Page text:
“As you are honest in all you do, you will feel happier. You will feel more full of light. You will feel more confident and more comfortable in your relationships with others,” said Elder Matthew L. Carpenter, a General Authority Seventy of The Church of Jesus Christ of Latter-day Saints, as he delivered Tuesday morning’s devotional.
Inviting all to strive to be more honest and have more integrity, Elder Carpenter reminded the audience that “the enemy of our souls not only tempts us to sin, but when we sin, he also tries to maintain power over us by suggesting we should hide our sin, to cover it up and not seek the healing that comes from God.”
Stressing the fact that all things we do will be brought to light by the Lord, Elder Carpenter quoted President Howard W. Hunter, who said, “There is no darkness that can conceal the things we do.”
As he pondered President Russell M. Nelson’s invitation to begin to “think celestial,” Elder Carpenter asked the question, “What are the characteristics of those who live in the celestial kingdom?”
“The scriptures tell us that those who live in that kingdom are ‘those who are just and true.’ They personify the attribute outlined in the 13th article of faith: ‘We believe in being honest.’”
Elder Carpenter taught that God is always completely honest and is all-powerful. Because of this, He has the capacity and the character to completely keep His promises and covenants.
“When He says we are His child, a child of God, we can believe it,” Elder Carpenter said.
This same assurance extends to repentance, and when God says we are forgiven, Elder Carpenter promised that we can believe it.
“As with Enos, our guilt relating to a sin we confess and forsake can be swept away, for we know that God cannot lie.”
Acknowledging that some may think being honest only means not telling lies, Elder Carpenter clarified that being honest is also about not being deceiving or misleading or stating half-truths.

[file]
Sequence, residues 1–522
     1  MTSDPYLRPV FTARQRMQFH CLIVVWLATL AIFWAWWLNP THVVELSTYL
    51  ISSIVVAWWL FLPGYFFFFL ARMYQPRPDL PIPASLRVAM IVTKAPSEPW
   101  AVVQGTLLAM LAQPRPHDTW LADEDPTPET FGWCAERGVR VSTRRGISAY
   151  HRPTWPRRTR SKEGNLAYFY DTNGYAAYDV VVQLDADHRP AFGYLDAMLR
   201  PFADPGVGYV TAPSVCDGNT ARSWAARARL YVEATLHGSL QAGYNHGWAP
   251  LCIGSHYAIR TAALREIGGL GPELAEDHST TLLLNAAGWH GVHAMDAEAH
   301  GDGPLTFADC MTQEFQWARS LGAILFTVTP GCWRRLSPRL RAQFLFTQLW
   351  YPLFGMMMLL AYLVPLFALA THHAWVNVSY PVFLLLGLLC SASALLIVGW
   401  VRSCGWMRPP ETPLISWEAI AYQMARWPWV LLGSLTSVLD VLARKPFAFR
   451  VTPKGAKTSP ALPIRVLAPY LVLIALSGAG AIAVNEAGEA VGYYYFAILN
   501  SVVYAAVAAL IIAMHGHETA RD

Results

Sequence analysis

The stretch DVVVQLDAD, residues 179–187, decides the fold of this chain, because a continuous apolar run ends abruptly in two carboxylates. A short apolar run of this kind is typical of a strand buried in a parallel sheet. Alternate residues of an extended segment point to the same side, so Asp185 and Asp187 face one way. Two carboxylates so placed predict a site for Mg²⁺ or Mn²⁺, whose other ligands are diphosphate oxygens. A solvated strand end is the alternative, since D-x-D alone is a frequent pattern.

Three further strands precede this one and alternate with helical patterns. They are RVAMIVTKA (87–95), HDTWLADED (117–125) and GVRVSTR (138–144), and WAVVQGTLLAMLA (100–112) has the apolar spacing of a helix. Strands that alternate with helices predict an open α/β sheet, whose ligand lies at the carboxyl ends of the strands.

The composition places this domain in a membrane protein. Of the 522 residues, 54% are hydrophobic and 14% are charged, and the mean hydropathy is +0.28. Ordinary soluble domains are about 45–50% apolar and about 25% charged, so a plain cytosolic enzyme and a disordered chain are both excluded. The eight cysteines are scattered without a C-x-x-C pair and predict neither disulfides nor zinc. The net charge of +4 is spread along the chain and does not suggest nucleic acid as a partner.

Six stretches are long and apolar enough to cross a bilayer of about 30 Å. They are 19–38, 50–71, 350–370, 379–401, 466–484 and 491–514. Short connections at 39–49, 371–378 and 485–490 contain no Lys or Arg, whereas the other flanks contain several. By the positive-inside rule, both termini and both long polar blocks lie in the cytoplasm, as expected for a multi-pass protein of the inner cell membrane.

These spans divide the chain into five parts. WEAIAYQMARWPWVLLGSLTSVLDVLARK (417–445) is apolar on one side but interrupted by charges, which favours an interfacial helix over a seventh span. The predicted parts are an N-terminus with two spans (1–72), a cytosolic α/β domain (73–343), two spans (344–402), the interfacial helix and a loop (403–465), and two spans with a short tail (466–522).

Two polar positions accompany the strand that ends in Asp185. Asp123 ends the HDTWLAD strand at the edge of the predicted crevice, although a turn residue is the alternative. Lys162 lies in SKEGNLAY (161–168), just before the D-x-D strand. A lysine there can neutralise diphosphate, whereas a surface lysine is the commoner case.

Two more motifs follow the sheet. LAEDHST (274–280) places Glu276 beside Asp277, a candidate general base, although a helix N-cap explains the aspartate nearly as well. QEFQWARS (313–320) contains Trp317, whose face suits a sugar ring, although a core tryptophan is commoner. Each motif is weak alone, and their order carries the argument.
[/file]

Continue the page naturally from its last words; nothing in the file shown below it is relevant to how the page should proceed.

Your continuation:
“Each time we lie or mislead others, studies have shown that with each consecutive lie, participants feel less and less bad. In short, we become ‘past feeling,’ and we become prey to the adversary of our souls, who “leadeth them by the neck with a flaxen cord until he bindeth them with his strong cords forever.”
Inviting those in attendance to do a self-evaluation of their honesty, Elder Carpenter asked three questions to help individuals reflect on their own integrity.
1. During interviews with your bishop/stake president, are you completely honest?
He acknowledged many are scared of confronting the truth of their sins because of embarrassment or the fear of appearing imperfect.
“Dear brothers and sisters, if we lie and enter the mission field unworthily, or lie and obtain a BYU endorsement unworthily, or lie and enter the temple unworthily, we compound our sins. We act contrary to the Light of Christ in us. We push away the Holy Ghost.”
2. As you represent yourself on social media, are you completely accurate?
“It is natural for each of us to want to have others like us, think highly of us and respect us. We want to say the right things, make a good impression or look our best. These desires and efforts are normal and acceptable as long as we are honest.”
Elder Carpenter stressed the importance of always being honest in all relationships, especially in marriage. If one approaches their spouse with vulnerability, humility and transparency, seeking their spouse’s help in utilizing the grace of Jesus Christ's Atonement to overcome weaknesses, their spouse can offer loving encouragement and support throughout this journey.
3. When taking exams or completing school assignments, do you always follow the instructions of the professor and refrain from cheating?
As final exams are coming up and can bring a lot of pressure and sleepless nights, Elder Carpenter urged students to remember that school is about much more than getting a grade. It is also about shaping students to be men and women who are honest and true.
“As the adversary of your soul tempts you to cheat on school assignments or on an exam, or anywhere or anytime in life, I invite you to consider Jesus Christ. Do you think that the Savior of mankind cheated going through the Atonement?”
“He did not take a shortcut,” Elder Carpenter continued. “Jesus Christ is not a cheater. [He] stands ready to lift and empower you as you are honest with Him and follow His direction.”